Limekiln to San Simeon
Woke up and promptly got on the road, only to be rained out rather quickly, about 10 miles down the road. My plastic bag booties were filled with water and the rain was coming down so hard it hurt my face and hands. As soon as we could, we pulled over. Turned out we were able to find refuge at a cute little convenience store and bar stop in Gorda, about 20 miles from the next town where we figured we could get a hotel room.
It took some finegaling and courage, but we ended up finding two cars to give us a ride to San Simeon. Jansyn and Katie befriended a couple brothers in a Subaru, and me and Katrina, we got a ride from a wild haired, wide eyed, surfer looking guy with a pick up truck. And of course that was a story in itself. I will tell you a little.
I forget his name, but he was a Big Sur native. A writer, painfully in love with a woman who double crossed him, or left him, or something. He’d never been published, but had folders of his writings scattered throughout the car. I was sitting in the back seat and could hardly hear anything of the conversation that was going on in the front, where Katrina was sitting. He had the defroster on high the whole time and frequently had to use a sock to wipe off the inside of the windsheild to clear a view. Mind you, we were driving the Big Sur coast on Highway 1, which is a rather windy road. I got pretty nervous a couple times because the windsheild got so foggy and the road was so curvy, but the craziness that was coming out of his mouth was interesting and hilarious enough to keep my mind occupied.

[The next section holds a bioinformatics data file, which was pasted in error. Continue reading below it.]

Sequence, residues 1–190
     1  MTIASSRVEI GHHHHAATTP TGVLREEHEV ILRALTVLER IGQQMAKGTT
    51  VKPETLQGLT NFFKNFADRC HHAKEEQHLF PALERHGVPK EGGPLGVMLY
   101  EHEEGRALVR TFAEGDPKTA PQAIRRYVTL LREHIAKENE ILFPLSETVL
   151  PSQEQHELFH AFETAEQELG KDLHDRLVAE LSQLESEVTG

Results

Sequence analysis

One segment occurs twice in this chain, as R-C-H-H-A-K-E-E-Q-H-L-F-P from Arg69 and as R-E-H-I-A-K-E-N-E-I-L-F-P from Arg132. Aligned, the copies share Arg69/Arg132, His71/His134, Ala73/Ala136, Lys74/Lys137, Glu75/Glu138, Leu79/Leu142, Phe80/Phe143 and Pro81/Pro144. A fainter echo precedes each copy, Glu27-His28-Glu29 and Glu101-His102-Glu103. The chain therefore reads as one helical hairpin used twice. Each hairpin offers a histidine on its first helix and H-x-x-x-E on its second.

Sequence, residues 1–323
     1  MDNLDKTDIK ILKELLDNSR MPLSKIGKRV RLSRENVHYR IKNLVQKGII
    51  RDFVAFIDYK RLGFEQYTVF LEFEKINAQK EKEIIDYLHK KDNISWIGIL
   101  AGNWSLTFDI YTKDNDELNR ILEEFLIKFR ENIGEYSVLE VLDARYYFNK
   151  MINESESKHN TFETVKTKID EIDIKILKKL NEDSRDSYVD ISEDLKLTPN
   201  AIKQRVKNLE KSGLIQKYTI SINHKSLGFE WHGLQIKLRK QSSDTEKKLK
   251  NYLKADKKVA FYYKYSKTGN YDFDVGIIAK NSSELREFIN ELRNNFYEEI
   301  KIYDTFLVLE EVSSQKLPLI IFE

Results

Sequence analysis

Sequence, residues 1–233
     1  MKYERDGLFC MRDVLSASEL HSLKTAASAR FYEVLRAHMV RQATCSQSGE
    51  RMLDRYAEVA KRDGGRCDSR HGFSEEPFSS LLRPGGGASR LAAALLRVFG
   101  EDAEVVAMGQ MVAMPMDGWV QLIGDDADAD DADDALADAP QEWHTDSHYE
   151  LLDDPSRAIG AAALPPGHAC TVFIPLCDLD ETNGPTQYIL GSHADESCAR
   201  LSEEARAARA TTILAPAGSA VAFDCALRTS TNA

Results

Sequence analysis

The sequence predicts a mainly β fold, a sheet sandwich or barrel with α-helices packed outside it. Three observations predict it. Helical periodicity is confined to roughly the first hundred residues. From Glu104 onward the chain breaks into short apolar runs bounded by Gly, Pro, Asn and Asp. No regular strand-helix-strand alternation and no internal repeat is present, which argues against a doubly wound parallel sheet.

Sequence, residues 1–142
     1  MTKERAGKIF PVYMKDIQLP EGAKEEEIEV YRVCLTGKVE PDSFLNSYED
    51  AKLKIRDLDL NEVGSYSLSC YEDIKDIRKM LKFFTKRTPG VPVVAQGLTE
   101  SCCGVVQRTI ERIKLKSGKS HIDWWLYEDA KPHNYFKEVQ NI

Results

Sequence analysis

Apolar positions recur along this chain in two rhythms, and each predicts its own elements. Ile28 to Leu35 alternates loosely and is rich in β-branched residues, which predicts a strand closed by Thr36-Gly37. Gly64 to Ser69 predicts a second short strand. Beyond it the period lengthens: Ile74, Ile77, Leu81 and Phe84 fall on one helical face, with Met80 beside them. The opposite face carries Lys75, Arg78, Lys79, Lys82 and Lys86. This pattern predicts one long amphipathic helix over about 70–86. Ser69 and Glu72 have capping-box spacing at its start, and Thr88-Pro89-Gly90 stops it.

In the end, he dropped us off at a hotel parking lot and gave all us girls a souvenier, a piece of jade he had collected at the beach. He showed us how you shine it, with nose oil. Yummy.
San Simeon to San Louis Obispo
Slightly rejuvinated from a night spent indoors and our things a bit dryer, we made our way by shuttle bus to San Louis Obispo. We had pussed out at this point, it was raining anyway. We made it to San Louis Obispo and stayed the night with a Couchsurfing host, a tech guy who also did product photography in his garage as a side gig. He had a gathering at his house the night we stayed over, cant remember what it was celebrating, and we had a chance to meet his friends. The one that stood out was a lady that worked as a vet tech.
San Luis to Santa Barbara
We took the train! Katie took the train back North.
Santa Barbara to Ventura
We biked and camped. I got 3 flat tires and biked through the taco bell drive through. Katrina’s bike got stolen.
Ventura to Los Angeles
Katrina took the bus. Jansyn and I biked. It was beautiful. We saw a car wreck. I listened to Nate Denver. Made it 80 miles to Katrina’s friends house. Got picked up by Peter and of course the adventure continued. Ending in a very cheap rental car drive home, alone.
After this trip, the Fern Flat days continued, leading up to the Lesbian Cat Fight and my last cruise.